- Title IV-E funds are federal funds that are matched by State dollars to pay for specific child welfare activities. Historically, Title IV-E funds have been permitted primarily for children and youth while they are in foster care.
- The Title IV-E Waiver Demonstration Projects provide flexibility to States in their use of Title IV-E funds. The U.S. Department of Health and Human Services (HHS), Administration for Children and Families (ACF) has approved as many as ten new demonstration projects during each of the past three federal fiscal years.
- Federal authorization for the Demonstrations ends on September 30, 2019.
- Place Matters serves as a strong foundation for Maryland’s Waiver Demonstration Project:
- There are fewer children in foster care today in Maryland than at any time in the past 27 years.
- The number of children in foster care has been reduced by 50% from July 2007 to September 2014.
- Since 2007, more than 19,900 children have found permanent homes through adoption, guardianship, or reunification.
Maryland’s Title IV-E Waiver Demonstration Project
Maryland intends to utilize the Title IV-E Waiver to create a responsive, evidence- and trauma-informed system to promote well-being, using standardized assessments, building capacity of evidence-based and promising practices, strengthening families, and serving children in their homes.
- The Title IV-E Waiver provides Maryland with the opportunity to test new approaches to service delivery and financing structures. No new funds are provided with the Waiver Demonstration; the Demonstration provides flexibility of funding using Title IV-E funds.
- The Department of Human Services (DHS) anticipates that the flexibility provided by the Waiver Demonstration Project will result in improved outcomes for children and families, including increased youth and family functioning; decreased entries into foster care (new and re-entries); reduced lengths of stay; improved social and emotional functioning; improved educational achievement; increased exits to permanence; and, decreased reports of maltreatment.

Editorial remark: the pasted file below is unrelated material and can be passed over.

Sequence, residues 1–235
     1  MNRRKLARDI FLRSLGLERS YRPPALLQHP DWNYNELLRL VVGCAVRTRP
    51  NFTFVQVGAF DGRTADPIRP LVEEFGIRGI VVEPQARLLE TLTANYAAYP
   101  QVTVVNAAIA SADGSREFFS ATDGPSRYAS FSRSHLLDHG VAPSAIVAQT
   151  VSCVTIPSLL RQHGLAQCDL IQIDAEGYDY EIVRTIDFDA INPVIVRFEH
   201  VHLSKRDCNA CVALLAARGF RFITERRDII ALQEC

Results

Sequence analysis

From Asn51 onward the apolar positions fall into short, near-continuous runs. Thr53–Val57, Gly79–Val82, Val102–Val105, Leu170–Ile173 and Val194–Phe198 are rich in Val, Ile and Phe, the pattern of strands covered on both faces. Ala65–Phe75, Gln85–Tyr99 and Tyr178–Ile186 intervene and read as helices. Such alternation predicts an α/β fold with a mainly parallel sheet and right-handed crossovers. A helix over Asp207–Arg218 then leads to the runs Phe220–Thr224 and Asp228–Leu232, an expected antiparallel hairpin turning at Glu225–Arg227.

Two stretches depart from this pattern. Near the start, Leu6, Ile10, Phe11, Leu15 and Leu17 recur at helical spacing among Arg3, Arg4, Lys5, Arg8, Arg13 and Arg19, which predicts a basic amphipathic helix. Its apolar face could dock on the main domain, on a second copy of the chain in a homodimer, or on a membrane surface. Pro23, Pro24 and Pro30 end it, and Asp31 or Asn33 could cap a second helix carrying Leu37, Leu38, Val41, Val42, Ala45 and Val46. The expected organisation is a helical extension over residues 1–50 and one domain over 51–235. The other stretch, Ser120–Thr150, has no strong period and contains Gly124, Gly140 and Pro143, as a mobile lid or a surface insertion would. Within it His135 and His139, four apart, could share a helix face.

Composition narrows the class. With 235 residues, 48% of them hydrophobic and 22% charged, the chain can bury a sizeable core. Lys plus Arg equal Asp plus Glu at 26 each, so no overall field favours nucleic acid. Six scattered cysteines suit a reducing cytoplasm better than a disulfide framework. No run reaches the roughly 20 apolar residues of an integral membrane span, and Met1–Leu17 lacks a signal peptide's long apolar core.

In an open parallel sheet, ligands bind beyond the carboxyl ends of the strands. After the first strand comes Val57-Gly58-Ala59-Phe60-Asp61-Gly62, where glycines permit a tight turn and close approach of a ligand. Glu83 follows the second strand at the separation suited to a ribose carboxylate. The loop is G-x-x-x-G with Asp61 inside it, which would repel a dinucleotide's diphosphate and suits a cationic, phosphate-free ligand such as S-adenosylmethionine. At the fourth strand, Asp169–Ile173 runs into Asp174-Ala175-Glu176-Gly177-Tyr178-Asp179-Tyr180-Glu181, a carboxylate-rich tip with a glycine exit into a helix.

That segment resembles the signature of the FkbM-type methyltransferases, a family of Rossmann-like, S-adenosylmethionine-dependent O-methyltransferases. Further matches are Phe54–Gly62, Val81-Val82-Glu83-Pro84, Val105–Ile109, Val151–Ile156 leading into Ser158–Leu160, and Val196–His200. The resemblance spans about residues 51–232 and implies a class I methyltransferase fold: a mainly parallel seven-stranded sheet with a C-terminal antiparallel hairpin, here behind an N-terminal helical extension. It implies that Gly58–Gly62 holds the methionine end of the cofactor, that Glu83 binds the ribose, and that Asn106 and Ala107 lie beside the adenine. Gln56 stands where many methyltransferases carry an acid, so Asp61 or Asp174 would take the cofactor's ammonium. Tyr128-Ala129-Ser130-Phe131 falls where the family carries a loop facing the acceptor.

- Maryland will achieve these outcomes by:
- Building on the success of Place Matters;
- Leveraging statewide Children’s Cabinet initiatives;
- Utilizing evidence-based and promising practices; and,
- Creating a trauma-informed system of care.
Maryland’s priority populations for the Title IV-E Waiver are children and youth at-risk of re-entering out-of-home care and children and youth at-risk of coming into care (new entries).
Moving the Work Forward
- DHS is the lead agency for the Waiver Demonstration project and is managing the design and implementation phases.
- The local departments of social services (LDSS) hare engaged in the design and implementation phases of the Waiver Demonstration, including as members of the Advisory Council. The LDSS have a critical role in the initial readiness assessment being conducted in winter 2015 to prioritize evidence-based and promising practices for implementation.
- The Advisory Council meets monthly and includes representatives from the Children’s Cabinet agencies, community and advocacy organizations, and universities, in addition to the LDSS.
IV-E Waiver – Development PhaseLDSS Data Package December 2014, DHR/SSA This data was prepared by DHS/SSA for use by LDSSs in the self-assessment phase of planning for the IV-E Waiver. Each LDSS was asked to use this data, as well as information and feedback from a team of stakeholders, to identify areas of service needs and gaps in their jurisdiction. The data in this packet comes from MD CHESSIE and CANS assessments, for a three-year period. For more information, please review Maryland data packet 3-6-2015.